However, movement of the axle 14 to the nine o'clock position will place the axle in the maximum rearward position, thereby shortening the wheelbase, while movement of the axle 14 to the three o'clock position will place the axle in the maximum forward position, thereby lengthening the wheelbase. In this regard it is noted that the vertical position at three o'clock is the same as at nine o'clock. As such, a range of adjustment is provided between the aforementioned minimums and maximums by rotating the axle carrier 16 to alter the vertical/horizontal position of the axle opening 56. Rotation of the axle carrier 16 will cause the monofork 12 to move up/down and relatively forward/backward, while the wheel 10 and brake carrier 18 remain relatively still, it being noted that the slotted connection between the brake carrier 18 and the carrier mounting pin 20, and the rotary receipt of the pin 20 in the sleeve 22, facilitates the full range of vertical/horizontal adjustment afforded by the present invention.
With the present invention, adjustment of the attitude of the front end of the motorcycle is rather simple. The fasteners 44 clamping the axle carrier housing closed are loosened to free the axle carrier 16 for rotation. The axle carrier 16 is then rotated to a desired position by lifting or lowering the fork 12 relative to the wheel 10, and then the axle carrier housing fasteners 44 are re-tightened to secure the axle carrier 16 in the desired position. The carrier brake 18 is fixed on the wheel 10 and, thus, the carrier mounting pin 20 slides vertically and rotates within the elongated slot 46 provided in the carrier upper end. As such, the brake carrier 18 is maintained in a stable position relative to the wheel 10, while permitting the monofork 12, to which it is secured, a full range of movement.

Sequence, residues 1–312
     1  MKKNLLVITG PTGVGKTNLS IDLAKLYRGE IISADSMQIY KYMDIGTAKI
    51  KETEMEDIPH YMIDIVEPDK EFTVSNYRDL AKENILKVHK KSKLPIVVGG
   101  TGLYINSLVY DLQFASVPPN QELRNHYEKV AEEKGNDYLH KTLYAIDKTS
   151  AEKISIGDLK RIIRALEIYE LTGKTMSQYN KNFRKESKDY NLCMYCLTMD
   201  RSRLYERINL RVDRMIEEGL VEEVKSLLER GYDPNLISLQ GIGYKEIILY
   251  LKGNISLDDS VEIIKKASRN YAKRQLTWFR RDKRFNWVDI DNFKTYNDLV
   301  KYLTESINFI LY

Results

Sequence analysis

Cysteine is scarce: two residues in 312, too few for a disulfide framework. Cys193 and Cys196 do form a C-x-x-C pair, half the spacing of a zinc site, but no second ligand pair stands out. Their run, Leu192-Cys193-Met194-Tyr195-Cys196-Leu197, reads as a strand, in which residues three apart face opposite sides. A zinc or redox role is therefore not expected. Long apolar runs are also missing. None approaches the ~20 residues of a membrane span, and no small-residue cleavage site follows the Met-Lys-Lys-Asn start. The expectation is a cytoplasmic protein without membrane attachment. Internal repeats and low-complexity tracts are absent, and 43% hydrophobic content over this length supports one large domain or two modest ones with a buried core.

With reference to FIGS. 3 and 4, an adjustable front axle and brake carrier structure according to the second embodiment of the present invention is illustrated. The assembly includes the axle 14, axle carrier 16, brake caliper carrier or holder 18, a carrier mounting assembly 120, and the axle securing assembly. The axle securing assembly is substantially identical to that of the first embodiment described hereinbefore, and will not be described further hereinafter.